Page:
3. Invest in identity theft protection. Enroll in reputable identity theft protection services that offer credit monitoring, identity theft resolution assistance, and alerts for suspicious activity. Page commented, “Services like LifeLock or IdentityForce provide comprehensive identity theft protection plans, including credit monitoring, dark web surveillance, and identity restoration services.”

  4. Engage enhanced security measures. Implement additional security measures to fortify digital defenses and protect against future breaches. This may include regularly updating security software and operating systems, using virtual private networks (VPNs) when accessing public Wi-Fi networks, and remaining cautious about sharing personal information online. “Invest in reputable antivirus software, firewall protection, and anti-malware tools to detect and prevent malicious threats,” said Page.


Page emphasized, “By staying informed, changing your passwords, monitoring your accounts, and employing proactive security measures, you can minimize the risk of falling victim to cyber threats and protect yourself from further exploitation.”



Which States Lose the Most to Cybercrime?


Source: NoDepositsRewards.com

NoDepositRewards.com, which specializes in finding the best casinos and bonuses for players, analyzed data from the FBI’s 2023 Internet Crime Report. The information was used to discover the amount of money lost in each state due to cybercrime, including credit card and check fraud, extortion, and data breaches. The figures on the total loss from cybercrime in each state were collected before weighing them against the population to determine the loss per 100,000 people.


Landing in first place is Nevada, with a total loss of $6,286,710.72 per 100,000 residents. In Nevada, 7,198 citizens fell victim to cybercrime, with the average loss for each victim, $27,897.83. Second on the list is California, with a total loss of $5,535,081.99 per 100,000 people. There were 51,319 victims of cybercrime in California, with the average loss for each person being $42,026.45. In third place is New Jersey, with a total loss of $4,744,902.86 per 100,000 citizens. Here 9,978 citizens fell victim to cybercrime, each suffering an average loss of $44,181.34.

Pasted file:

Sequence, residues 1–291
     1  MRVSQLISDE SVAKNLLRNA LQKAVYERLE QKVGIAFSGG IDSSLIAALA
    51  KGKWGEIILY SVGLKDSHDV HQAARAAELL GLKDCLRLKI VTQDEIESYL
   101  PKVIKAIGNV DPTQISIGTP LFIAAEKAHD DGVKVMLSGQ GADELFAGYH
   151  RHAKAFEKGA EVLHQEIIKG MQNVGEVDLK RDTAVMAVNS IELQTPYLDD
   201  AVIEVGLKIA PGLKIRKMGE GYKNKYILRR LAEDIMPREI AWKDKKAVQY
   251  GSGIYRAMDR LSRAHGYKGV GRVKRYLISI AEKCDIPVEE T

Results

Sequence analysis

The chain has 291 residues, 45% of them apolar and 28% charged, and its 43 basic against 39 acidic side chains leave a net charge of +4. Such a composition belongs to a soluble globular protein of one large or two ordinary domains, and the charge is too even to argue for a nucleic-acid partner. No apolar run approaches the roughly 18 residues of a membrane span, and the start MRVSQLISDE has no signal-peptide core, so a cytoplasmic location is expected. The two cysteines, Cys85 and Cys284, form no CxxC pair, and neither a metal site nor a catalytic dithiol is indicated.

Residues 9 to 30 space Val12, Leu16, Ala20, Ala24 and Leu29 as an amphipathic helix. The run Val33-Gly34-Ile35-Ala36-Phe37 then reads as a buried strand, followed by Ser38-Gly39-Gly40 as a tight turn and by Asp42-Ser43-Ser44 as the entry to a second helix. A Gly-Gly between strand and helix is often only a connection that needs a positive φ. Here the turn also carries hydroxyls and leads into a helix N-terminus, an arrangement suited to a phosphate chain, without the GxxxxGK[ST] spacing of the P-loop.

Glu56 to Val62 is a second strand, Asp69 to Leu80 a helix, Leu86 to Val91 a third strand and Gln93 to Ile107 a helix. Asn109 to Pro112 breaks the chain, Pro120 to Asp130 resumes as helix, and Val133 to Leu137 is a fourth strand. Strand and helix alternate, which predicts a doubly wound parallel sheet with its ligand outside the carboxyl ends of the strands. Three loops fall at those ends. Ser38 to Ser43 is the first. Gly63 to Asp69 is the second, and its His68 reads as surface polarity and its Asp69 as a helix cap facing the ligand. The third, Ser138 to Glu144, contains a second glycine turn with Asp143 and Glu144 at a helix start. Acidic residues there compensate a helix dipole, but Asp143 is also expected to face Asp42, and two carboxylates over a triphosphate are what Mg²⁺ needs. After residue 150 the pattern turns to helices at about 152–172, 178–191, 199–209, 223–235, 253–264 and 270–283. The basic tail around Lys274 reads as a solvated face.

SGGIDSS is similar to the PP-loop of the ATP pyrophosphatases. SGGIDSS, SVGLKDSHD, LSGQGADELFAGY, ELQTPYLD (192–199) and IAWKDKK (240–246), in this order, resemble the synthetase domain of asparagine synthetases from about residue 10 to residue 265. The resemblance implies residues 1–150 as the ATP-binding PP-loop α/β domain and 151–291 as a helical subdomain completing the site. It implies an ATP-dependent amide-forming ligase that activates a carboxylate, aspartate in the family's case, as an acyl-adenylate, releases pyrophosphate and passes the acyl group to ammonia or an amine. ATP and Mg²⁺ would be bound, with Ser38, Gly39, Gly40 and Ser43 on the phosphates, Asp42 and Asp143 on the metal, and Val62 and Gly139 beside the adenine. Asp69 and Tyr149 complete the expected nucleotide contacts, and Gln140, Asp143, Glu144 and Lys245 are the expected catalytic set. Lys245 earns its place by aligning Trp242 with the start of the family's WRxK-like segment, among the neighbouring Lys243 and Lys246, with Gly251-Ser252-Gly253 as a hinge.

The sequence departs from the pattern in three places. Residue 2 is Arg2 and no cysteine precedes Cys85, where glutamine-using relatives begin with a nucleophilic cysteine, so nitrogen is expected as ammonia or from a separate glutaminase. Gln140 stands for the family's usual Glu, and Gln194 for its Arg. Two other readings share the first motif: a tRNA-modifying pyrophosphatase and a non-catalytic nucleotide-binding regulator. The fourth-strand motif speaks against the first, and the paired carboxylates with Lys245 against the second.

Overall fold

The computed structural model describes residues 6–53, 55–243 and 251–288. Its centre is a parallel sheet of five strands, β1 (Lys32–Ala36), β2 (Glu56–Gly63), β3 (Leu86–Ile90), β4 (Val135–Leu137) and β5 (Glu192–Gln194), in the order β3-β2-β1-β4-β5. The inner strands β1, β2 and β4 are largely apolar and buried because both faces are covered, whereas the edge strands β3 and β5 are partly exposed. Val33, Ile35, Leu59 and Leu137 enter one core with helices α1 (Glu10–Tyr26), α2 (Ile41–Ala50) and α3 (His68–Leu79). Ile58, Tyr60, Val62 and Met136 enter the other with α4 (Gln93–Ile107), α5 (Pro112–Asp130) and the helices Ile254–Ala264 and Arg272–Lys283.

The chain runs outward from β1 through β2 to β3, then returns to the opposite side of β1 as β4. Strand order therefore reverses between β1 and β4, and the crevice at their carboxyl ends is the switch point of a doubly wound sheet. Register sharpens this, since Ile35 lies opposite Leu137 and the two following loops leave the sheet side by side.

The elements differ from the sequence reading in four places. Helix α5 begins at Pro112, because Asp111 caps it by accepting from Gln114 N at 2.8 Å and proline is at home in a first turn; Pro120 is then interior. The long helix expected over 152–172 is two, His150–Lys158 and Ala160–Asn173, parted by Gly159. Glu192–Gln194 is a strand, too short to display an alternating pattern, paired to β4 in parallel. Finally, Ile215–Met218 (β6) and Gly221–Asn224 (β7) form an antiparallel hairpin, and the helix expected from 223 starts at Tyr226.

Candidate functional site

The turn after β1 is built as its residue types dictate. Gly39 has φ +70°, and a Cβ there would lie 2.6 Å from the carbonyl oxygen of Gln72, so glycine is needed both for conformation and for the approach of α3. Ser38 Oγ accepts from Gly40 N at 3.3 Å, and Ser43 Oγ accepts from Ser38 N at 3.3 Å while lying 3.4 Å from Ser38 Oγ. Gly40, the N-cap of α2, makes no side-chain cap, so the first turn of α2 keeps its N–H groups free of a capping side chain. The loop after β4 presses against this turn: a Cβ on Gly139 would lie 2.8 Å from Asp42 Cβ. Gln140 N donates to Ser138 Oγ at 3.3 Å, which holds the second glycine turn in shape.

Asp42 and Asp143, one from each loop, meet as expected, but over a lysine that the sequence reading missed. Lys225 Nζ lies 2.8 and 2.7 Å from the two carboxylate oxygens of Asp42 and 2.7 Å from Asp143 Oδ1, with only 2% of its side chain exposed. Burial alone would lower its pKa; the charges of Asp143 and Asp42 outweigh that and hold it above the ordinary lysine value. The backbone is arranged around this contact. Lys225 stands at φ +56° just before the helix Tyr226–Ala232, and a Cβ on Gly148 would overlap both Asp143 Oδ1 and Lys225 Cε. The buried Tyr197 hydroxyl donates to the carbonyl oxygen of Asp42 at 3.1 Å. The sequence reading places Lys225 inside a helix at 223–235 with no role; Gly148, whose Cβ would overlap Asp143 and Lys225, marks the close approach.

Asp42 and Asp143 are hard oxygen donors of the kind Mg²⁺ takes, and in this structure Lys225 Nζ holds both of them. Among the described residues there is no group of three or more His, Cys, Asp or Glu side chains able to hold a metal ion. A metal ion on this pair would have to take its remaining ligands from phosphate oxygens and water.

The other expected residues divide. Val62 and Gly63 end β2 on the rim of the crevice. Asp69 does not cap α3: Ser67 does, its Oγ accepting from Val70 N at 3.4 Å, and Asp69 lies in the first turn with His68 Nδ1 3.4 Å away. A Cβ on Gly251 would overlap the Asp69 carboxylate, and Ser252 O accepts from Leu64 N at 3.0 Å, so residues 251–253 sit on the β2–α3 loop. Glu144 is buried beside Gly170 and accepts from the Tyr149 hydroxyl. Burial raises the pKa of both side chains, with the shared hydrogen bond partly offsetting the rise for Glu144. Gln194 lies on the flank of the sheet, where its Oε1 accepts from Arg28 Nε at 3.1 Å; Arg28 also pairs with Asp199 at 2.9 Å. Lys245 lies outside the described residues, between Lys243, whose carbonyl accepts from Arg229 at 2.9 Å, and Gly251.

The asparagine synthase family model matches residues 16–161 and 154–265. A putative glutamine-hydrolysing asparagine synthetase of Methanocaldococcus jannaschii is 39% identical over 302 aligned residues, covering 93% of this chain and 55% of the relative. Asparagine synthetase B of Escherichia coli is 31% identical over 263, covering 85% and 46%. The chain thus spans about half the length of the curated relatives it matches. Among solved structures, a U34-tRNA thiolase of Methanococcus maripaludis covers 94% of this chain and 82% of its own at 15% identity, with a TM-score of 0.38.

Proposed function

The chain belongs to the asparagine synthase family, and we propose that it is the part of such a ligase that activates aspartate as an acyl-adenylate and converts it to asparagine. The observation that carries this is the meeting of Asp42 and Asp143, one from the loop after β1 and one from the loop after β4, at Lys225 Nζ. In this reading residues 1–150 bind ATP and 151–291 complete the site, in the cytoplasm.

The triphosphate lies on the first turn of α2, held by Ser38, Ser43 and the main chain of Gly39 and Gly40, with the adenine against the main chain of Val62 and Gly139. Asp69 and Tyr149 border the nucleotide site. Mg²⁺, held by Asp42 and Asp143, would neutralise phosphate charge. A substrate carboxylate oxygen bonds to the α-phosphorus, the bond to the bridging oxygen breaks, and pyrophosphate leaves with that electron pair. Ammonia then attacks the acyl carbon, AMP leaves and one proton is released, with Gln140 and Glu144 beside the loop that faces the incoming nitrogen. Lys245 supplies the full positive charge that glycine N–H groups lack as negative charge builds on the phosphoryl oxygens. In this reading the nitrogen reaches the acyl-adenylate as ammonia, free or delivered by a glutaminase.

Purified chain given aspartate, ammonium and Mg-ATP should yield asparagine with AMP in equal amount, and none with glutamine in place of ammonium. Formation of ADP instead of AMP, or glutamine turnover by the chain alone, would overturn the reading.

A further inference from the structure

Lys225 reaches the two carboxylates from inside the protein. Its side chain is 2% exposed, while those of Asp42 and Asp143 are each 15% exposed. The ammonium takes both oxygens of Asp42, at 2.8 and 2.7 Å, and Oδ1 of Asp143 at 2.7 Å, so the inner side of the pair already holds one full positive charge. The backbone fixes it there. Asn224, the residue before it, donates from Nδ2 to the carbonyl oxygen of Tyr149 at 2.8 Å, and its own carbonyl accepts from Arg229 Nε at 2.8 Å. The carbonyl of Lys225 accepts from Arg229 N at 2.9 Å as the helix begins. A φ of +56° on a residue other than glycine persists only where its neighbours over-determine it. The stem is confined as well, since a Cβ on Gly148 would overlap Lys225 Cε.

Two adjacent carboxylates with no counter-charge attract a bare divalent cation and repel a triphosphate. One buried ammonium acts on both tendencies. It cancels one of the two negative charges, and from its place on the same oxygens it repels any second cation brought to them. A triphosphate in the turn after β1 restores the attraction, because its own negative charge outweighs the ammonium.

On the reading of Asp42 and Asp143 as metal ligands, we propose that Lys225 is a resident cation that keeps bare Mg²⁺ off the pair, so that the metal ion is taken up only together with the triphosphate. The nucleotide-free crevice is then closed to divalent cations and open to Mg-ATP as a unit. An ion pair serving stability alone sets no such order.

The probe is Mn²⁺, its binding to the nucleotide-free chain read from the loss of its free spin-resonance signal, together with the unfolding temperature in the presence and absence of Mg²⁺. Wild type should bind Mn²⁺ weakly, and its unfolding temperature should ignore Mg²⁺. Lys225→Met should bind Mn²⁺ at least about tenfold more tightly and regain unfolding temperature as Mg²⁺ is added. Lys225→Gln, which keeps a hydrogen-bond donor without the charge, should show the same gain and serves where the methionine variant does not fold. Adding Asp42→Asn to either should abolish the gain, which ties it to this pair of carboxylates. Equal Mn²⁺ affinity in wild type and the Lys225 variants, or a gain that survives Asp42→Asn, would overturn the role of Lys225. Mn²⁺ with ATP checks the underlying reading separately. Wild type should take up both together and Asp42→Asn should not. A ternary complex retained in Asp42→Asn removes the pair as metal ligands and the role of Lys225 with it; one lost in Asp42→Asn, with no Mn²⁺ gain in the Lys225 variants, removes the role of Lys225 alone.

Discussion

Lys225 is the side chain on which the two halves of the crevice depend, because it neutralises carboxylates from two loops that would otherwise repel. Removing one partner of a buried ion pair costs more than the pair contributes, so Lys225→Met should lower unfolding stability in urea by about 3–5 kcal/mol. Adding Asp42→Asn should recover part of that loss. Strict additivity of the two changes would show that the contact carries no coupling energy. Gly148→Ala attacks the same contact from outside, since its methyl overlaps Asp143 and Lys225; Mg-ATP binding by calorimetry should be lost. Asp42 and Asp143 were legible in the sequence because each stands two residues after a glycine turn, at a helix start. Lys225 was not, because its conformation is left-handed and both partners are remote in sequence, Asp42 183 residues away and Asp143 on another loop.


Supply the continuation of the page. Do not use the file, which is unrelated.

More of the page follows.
Rounding out the top 10 are:

4.      Arizona ($4,360,097.73 per 100,000 residents, 13,186 victims, average loss of $24,572.57). 

5.      Alaska ($4,329,852.50 per 100,000 people, 1,267 victims, the average loss of $25,063.46).

6.      Montana. ($4,021,115.77 per 100,000 citizens; 1,316 victims, average loss of $34,613.74).

7.      South Dakota ($3,899,509.20 per 100,000 residents, 784 victims, average loss of $45,725.63 – the highest of all 50 states).

8.     Utah ($3,867,064.11 per 100,000 people, 4,163 victims, average loss of $31,747.77).

9.     Florida ($3,864,683.83 per 100,000 citizens, 32,638 citizens victims, average loss $26,773.49).

10.  New York ($3,824,820.44 per 100,000 residents, 21,313 victims, average loss of $35,122.41).


In the study, DepositRewards.com commented on the findings: “Cybercrime continues to be one of America’s fastest-growing security threats, with technology becoming more advanced every day and there being more opportunities for citizens to store personal information online. While it is interesting to see which states land in the ranking, it is vital to stay vigilant, regardless of your state. “